Photograph by BILL CURTSINGER, Nat Geo Image Collection
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Hawaiian monk seals, endemic to Hawaii, are endangered.

Photograph by BILL CURTSINGER, Nat Geo Image Collection

Man Accused of Punching a Seal

In this week’s crime blotter: a seal attack caught on video, a huge illegal logging bust, and an animal skull smuggling incident.

Here’s something disturbing: a beachgoer attacking a marine mammal. That’s exactly what a video documented on Tuesday night at Salt Pond Beach Park, on the Hawaiian island of Kauai.

In the recording, which went viral, a man slaps and punches a Hawaiian monk seal resting in shallow water. Investigators later identified the seal as RK30, a 17-year-old beach regular who was beloved by the community, according to the Honolulu Star Advertiser. And she was pregnant.

Monk seals are highly endangered. Endemic to Hawaii, only about a thousand remain there. Habitat destruction, accidental bycatch, and predation by sharks are some of the culprits.

Officials said RK30 survived the ugly incident without lasting injury. But the 19-year-old suspect was arrested, according to the Huffington Post, which reported that he faces up to five years in prison and a fine of up to $50,000 if convicted.

A man attacks a Hawaiian monk seal on a beach in Kauai.

Some other wildlife crime busts, convictions, and confiscations around the world announced this past week:

LOOTING LOGGERS: Police arrested 19 people suspected of illegal logging in Peru’s Ucayali, an inland region located in the Amazon rain forest, Mongabay reports. The gang, dubbed by officials “the mafia of illegal logging,” is believed to have mainly targeted shihuahuaco, a tree species that’s home to macaws, toucans, and the harpy eagle. China, Mexico, and the U.S. were reportedly the chief destinations for the illegal timber harvested by the group.

SEAL STEALER: A judge sentenced a Southern California couple to home detention and their businesses to fines after they pleaded guilty to smuggling harp seal oil and honey bee royal jelly into the U.S. from China, says the Los Angeles Times. The husband-and-wife duo, who owned several dietary supplement import and distribution companies, smuggled four million capsules of harp seal oil into the U.S. in violation of the Marine Mammal Protection Act and falsely labeled the substance as fish oil. They also falsely described the honeybee product as aloe vera.

RHINO RENEGADES: Police in Kailali, in western Nepal, arrested six people in connection with their alleged involvement in smuggling rhino horns, according to the Himalayan Times. The cops nabbed the suspected poachers after receiving a tip-off from the New Delhi-based conservation organization Wild Animals Protection Society of India.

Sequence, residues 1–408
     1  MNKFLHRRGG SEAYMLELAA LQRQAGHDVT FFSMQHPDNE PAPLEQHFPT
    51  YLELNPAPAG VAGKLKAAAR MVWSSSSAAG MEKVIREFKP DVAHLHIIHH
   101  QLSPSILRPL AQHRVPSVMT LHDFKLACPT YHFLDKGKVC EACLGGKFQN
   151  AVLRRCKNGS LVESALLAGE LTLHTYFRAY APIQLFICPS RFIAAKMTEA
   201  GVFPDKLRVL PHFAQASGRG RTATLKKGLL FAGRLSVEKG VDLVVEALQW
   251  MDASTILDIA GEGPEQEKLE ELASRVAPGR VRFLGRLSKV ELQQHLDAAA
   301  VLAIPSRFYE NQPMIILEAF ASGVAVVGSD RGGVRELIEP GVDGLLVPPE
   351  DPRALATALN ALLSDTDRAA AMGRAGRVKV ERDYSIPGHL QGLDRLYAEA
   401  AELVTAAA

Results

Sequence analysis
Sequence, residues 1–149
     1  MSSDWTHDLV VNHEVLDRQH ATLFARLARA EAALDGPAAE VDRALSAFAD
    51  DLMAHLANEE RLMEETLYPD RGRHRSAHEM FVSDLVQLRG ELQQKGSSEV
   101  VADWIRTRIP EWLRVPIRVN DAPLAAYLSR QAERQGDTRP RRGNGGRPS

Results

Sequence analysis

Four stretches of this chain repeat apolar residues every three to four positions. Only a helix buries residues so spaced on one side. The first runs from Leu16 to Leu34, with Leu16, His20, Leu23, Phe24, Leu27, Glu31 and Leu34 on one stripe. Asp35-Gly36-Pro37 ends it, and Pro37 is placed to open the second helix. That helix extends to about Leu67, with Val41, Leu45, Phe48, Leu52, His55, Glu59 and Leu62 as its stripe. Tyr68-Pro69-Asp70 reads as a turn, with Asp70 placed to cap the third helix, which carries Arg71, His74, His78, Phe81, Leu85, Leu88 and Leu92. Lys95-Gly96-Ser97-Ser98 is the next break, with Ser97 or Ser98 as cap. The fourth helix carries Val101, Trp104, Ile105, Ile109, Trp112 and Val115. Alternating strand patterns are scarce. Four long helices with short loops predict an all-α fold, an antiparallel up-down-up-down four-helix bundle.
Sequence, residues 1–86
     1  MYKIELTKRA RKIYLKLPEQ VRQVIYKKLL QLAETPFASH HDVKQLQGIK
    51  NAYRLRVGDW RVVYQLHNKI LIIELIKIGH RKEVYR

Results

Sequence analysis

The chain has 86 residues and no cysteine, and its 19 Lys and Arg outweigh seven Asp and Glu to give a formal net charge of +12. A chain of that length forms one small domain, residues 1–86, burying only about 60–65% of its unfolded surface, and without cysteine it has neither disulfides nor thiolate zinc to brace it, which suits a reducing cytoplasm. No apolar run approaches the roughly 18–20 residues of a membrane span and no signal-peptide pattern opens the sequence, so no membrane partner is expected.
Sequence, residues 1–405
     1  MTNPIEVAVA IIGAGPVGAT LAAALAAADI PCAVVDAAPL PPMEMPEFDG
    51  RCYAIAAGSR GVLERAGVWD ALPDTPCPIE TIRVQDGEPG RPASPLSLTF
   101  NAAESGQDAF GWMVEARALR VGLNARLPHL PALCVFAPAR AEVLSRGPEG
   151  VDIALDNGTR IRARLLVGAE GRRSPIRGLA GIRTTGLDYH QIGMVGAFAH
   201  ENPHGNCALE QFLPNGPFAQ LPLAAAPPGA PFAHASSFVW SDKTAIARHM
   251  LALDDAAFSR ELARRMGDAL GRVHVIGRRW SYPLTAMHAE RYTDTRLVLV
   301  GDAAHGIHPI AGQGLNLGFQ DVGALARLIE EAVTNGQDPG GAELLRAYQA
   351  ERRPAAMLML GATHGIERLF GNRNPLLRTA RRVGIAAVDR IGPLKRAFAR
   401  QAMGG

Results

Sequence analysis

ANIMAL SKULLS: A judge in Portland, Oregon, sentenced two Malaysian nationals to smuggling wildlife into the U.S. after they pleaded guilty to the crime, the Associated Press reports. Three years ago, authorities found a helmeted hornbill mandible while searching an international package headed to Forest Grove, Oregon, and have since bought orangutan skulls, bear claws, a wild pig skull, and other parts from the duo’s online business.

SCALES AND SNAKES: Cops nabbed a Chinese businesswoman for allegedly attempting to transport four pangolins and four cobras out of Clark Freeport Zone, in Pampanga, Philippines, according to Interaksyon, a Filipino news site. Pangolins, which are endangered, are in demand for their meat and scales, which some mistakenly believe can cure cancer and other illnesses. As for cobras, people drink their blood, the publication notes.

TUSK TAKER: A man in Dundee, Scotland, pleaded guilty to stealing two elephant tusks, two ivory statues, and other items from a co-worker, the Courier reports. He’ll spend 14 months in prison. None of the pieces have been recovered.

This story was produced by National Geographic’s Special Investigations Unit, which focuses on wildlife crime and is made possible by grants from the BAND Foundation and the Woodtiger Fund. Read more stories from the SIU on Wildlife Watch. Send tips, feedback, and story ideas to